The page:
"That's been talked about forever," he said, "especially before they built that Riverwalk. But it's like moving the railroad tracks. Mayor Pop Newman talked about it."
Actually, it wasn't Mr. Albert's idea to resurrect the subject, but his wife, Sister's, who started it as a joke in response to Commissioner Andy Cheek's Ellis Street Canal idea.
"Because I used to be in politics, everybody thought it was my idea," he said. "It would be a good idea, but the Corps of Engineers is never going to let them do it."
Mr. Albert said he sort of stood in for his wife in an interview, so he got credit for it, but that's all he's going to do about the levee.
"Sister can go down there and dig a hole in the levee if she wants to," he said. "That thing will still be here 100 years from now, but I won't be here, so I don't care."
So now what is Mrs. Albert going to do with the 500 bumper stickers that say, "Mr. Copenhaver, Tear Down That Wall" - a play on President Reagan's "Mr. Gorbachev, tear down this wall"?
Oh well, most people didn't get it anyway.
IT WON'T BE THE RIVIERA THOUGH: In response to last week's column about a proposal to use the Georgia Golf Hall of Fame property for the Medical College of Georgia's dental school, Philip Verduce e-mailed to propose an Augusta beach.
"On the Russian River in Sonoma County, California, there are several beaches; Veterans Memorial Beach in Healdsburg, Calif., Forestville Access Beach, Johnsons Beach, Monte Rio Beach and Steelhead Beach," he wrote. "These are beaches right in the city, you can check them out at www.sonoma-county.org/health/eh/Russian_River.htm. These beaches are full-service beaches that make the communities into resort-type communities bringing millions of visitors and bushels of money.
"Can you imagine a real beach just south of Augusta where you can play in the sand, swim, sail, with a concrete boardwalk with shops and eateries? All within the city limits. There is plenty of room between I-20 and Augusta. It's low land and the river fans out. Augusta Beach. ... With a beach, Augustans can get back in touch with nature down on nature's level, not 40 feet away on top of a flood control levee. Why should we let the developers grab up all the land along the river and build million dollar homes that only a few can possess? Augusta Beach would be a great draw for our city. ... The heck with the canal. Lets push for a real beach."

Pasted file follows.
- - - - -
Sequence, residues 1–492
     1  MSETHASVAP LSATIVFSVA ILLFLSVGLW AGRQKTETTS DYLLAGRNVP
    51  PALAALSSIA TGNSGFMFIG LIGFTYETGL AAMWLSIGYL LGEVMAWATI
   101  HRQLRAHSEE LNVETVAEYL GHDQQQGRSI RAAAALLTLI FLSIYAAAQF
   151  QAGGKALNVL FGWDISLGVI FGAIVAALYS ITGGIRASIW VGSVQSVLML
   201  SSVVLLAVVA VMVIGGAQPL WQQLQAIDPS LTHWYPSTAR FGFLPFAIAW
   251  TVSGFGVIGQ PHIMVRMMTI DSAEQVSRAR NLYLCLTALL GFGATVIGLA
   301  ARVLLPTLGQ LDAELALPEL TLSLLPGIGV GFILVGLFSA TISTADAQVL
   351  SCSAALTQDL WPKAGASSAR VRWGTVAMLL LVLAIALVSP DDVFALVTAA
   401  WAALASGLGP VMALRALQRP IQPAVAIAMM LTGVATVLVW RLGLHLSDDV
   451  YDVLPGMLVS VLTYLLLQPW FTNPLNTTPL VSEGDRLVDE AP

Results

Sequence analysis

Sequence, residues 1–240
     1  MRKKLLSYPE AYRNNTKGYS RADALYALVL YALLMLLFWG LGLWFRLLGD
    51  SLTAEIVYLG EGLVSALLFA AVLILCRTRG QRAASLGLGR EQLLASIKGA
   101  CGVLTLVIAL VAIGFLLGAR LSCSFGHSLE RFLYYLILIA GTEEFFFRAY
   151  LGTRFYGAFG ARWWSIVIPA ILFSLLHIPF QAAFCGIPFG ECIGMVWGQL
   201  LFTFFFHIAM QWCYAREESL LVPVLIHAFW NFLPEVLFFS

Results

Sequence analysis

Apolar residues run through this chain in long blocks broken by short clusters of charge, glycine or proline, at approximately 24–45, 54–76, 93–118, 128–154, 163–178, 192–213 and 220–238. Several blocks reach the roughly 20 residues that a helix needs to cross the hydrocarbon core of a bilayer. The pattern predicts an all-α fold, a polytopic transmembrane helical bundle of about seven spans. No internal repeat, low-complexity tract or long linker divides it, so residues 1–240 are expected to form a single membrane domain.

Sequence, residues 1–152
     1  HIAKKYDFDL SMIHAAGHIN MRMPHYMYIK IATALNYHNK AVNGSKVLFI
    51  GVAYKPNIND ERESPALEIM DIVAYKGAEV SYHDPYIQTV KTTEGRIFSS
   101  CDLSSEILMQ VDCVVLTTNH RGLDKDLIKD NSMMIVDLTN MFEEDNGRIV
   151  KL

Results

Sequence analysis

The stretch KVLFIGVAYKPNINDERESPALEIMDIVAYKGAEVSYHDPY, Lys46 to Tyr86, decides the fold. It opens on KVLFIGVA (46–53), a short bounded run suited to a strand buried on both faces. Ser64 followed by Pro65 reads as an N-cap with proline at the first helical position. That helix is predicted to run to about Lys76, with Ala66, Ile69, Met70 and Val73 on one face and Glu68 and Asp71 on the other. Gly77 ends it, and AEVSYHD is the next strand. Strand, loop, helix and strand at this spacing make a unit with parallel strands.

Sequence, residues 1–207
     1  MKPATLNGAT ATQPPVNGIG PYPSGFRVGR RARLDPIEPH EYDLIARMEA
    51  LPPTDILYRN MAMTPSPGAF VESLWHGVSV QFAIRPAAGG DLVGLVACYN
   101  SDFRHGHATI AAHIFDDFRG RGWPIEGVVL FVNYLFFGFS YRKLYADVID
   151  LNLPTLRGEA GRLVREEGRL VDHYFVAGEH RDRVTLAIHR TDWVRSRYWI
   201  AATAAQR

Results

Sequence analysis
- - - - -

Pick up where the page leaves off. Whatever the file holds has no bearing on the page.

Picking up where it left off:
A LAME DUCK FLIES ON: Mr. Cheek intends to spend the time before his term ends pushing his Ellis Street canal plan. He'll ask his colleagues to approve the expansion of the Ellis Street study and to add a $200,000 utility survey for Ellis and Seventh streets to the existing Broad Street utility survey.
SCORCHED EARTH POLITICIANS: People thought all the hot air we've been having recently was from global warming, but I think it was from all the hot air the candidates for Augusta Commission seats are blowing. Some of them are full of it. Voters need to look at what they do, not what they say.
FINANCIAL FREEZE: The recent chill, meanwhile, might be the precursor of the 2008 budget proposal City Administrator Fred Russell will unveil at Tuesday's commission meeting. Everything was fine until Sheriff Ronnie Strength asked for $2.5 million more to upgrade deputies' pay, and some employees balked at paying higher co-pays on doctor visits, at which juncture commissioners caved and told Mr. Russell to come up with another plan, which he did, and that turned out to be that the city (actually taxpayers) will pay a higher premium - 72 percent instead of 70 percent, a $709,000 increase. But this is easy to understand. Some commissioners are on the city's health insurance plan.